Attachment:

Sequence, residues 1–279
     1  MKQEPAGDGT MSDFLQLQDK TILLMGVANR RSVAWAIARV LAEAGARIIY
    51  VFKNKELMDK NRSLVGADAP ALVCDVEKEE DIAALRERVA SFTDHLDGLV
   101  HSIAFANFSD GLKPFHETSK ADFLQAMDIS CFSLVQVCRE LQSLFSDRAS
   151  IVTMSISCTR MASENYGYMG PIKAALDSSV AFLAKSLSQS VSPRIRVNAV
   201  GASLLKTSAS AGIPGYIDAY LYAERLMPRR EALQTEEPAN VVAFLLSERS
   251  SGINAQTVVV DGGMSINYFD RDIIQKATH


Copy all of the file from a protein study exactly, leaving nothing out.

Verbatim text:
Sequence, residues 1–279
     1  MKQEPAGDGT MSDFLQLQDK TILLMGVANR RSVAWAIARV LAEAGARIIY
    51  VFKNKELMDK NRSLVGADAP ALVCDVEKEE DIAALRERVA SFTDHLDGLV
   101  HSIAFANFSD GLKPFHETSK ADFLQAMDIS CFSLVQVCRE LQSLFSDRAS
   151  IVTMSISCTR MASENYGYMG PIKAALDSSV AFLAKSLSQS VSPRIRVNAV
   201  GASLLKTSAS AGIPGYIDAY LYAERLMPRR EALQTEEPAN VVAFLLSERS
   251  SGINAQTVVV DGGMSINYFD RDIIQKATH